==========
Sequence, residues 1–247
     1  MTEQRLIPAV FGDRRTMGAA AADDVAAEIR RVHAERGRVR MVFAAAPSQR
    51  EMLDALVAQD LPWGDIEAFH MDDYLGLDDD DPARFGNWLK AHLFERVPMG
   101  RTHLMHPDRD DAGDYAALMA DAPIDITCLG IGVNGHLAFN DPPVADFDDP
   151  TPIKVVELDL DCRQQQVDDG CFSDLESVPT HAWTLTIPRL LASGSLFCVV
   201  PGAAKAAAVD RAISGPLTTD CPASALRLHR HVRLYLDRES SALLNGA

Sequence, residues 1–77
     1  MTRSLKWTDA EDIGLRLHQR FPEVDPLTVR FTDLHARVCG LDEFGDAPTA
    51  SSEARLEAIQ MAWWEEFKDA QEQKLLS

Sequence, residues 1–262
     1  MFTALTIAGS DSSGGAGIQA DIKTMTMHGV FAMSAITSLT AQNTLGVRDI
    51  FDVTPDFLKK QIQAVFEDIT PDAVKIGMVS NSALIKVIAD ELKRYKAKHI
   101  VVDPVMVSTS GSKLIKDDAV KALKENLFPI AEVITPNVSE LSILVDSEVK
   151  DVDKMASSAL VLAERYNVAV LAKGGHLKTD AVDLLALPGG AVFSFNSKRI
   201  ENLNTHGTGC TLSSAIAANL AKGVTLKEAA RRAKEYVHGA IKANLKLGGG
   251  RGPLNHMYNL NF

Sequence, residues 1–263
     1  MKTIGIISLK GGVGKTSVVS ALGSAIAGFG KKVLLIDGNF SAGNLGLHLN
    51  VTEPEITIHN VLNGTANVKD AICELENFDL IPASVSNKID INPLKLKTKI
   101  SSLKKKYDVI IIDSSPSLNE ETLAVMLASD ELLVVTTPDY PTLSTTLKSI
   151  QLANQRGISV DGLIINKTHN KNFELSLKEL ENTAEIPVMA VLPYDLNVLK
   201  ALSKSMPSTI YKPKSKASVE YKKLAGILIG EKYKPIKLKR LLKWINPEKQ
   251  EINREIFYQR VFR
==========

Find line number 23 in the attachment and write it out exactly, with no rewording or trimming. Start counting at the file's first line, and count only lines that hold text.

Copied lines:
   251  EINREIFYQR VFR